Skip to main content


Showing posts from September, 2013

Famous Names in St Pancras and Islington Cemetery

Following on from last week's introduction to the vast St Pancras and Islington Cemetery, in today's post I explore some of the well-known people who have been buried here since its opening as Britain's first public cemetery in 1854. Mathilde Blind (1841-1896) was born Mathilde Cohen in Germany but sought refuge in London after her stepfather, Karl Blind was involved in the Baden insurrection of 1848. In England she grew up around European refugees and revolutionaries, including Giuseppe Mazinni. Her brother, Ferdinand, committed suicide after failing to assassinate Otto von Bismark. Her political upbringing manifested itself in her poems, and she frequently tackled the subject of social injustice, including her attack on the Highland Clearances, 'The Heather on Fire'(1886). This monument to Blind (see below) was erected by the industrialist Ludwig Mond and features her likeness along with Greco-Romanesque images now partially obscured by ivy. A close frien

St Pancras and Islington Cemetery

This week, I explore the history of one the largest cemeteries in the UK - St Pancras and Islington Cemetery in North London. St Pancras and Islington Cemetery sits in the London suburb of Finchley. Founded in 1854, the cemetery is now the UK's largest cemetery in terms of numbers of burials with over 800,000 interments. All of these can be seen on the Deceased Online database . The reason why the cemetery is so large is that those buried came from some of the most heavily populated parts of London: St Pancras and Islington. The Ludwig Mond Mausoleum stands in memory of the Mond family of industrialists. Today St Pancras forms part of the London Borough of Camden . In 1854 it covered a large chunk of north London, running from the Gatehouse of Highgate in the north to King's Cross in the south. Islington is St Pancras's neighbour and now stretches from Archway to the City. At the time the Vestry centred around St Mary's Church but, from 1900, Islington would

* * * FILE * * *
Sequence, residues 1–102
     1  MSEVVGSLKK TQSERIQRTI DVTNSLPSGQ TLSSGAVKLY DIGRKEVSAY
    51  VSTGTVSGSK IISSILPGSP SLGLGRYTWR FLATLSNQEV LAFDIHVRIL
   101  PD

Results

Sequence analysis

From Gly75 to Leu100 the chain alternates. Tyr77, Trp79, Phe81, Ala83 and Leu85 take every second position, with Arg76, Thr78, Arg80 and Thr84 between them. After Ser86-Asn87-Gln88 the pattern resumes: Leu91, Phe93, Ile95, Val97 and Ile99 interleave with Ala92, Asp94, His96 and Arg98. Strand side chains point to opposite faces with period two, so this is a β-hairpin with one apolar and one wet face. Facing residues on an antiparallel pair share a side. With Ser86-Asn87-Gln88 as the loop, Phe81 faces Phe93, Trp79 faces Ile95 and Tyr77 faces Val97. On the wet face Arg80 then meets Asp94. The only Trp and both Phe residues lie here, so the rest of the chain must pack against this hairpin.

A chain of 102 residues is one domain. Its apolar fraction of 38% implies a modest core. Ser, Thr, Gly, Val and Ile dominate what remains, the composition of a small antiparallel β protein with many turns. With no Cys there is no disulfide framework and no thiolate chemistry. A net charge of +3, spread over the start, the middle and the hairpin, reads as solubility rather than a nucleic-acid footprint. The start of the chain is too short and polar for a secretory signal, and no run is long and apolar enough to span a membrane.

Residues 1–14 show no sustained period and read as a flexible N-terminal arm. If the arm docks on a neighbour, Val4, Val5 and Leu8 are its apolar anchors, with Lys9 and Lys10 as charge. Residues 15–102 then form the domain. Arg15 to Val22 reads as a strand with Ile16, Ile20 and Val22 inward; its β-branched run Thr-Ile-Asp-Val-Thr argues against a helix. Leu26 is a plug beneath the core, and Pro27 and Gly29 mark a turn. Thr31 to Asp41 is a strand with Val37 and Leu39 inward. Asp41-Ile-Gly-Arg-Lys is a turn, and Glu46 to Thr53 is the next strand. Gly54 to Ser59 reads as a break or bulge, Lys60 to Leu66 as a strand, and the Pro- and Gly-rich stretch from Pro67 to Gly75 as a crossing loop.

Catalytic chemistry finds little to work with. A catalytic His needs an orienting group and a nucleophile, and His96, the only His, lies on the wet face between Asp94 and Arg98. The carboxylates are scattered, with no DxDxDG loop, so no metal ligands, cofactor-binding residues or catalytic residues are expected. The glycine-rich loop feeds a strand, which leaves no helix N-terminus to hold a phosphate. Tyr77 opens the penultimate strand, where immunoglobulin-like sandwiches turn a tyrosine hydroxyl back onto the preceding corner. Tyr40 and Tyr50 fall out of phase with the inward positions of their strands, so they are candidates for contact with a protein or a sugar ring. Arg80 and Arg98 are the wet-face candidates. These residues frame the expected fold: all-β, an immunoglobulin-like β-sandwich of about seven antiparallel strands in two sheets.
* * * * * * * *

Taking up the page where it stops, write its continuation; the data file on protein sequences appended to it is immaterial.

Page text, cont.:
Examples of Victorian Mourning

Recently, I looked at the etiquette of mourning in the Victorian and Edwardian period, and the influence of Queen Victoria. This week, I examine alternative approaches to the Victorian funeral. Queen Victoria was the head of the Church of England until her death in 1901. Thousands of Victorians followed her example after the death of Prince Albert by arranging elaborate Anglican funerals for their loved ones. Although the Church of England was the official religion, according to the Religious Census of 1851, it was not followed by the majority of the population . Non-conformist forms of Christianity were increasingly popular in the latter half of the 19th century and would have a significant impact on the funeral practices of their adherents. In 1851, non-Anglican Christians included Scottish Presbyterians, Independents, Baptists, Society of Friends, Unitarians, Moravians, Wesleyan Methodists, Calvinistic Methodists, Sandemanians, New Church, Brethren, Roman Catholics, Catholic and

Types of Burial Records

This week's post examines the different types of records you can find in the Deceased Online database. This blog should help you understand the sorts of records we include and some we don't. Primarily, Deceased Online specializes in burial and cremation records and especially statutory records from local councils across the UK. There is no other website which includes these types of records on a national basis. 1. Are all cemetery records held by local authorities? No. Cemeteries in Britain may be owned and managed by councils or may be in the hands of a private or charity organisation. Our database holds information about burial/cremation records and other records held by local authorities along with private cemeteries and crematoria and other records from local and national archives. Most of the burial records currently on our database are held by local councils. These include cemeteries in the following local authorities: Wakefield Metropolitan Borough, West Y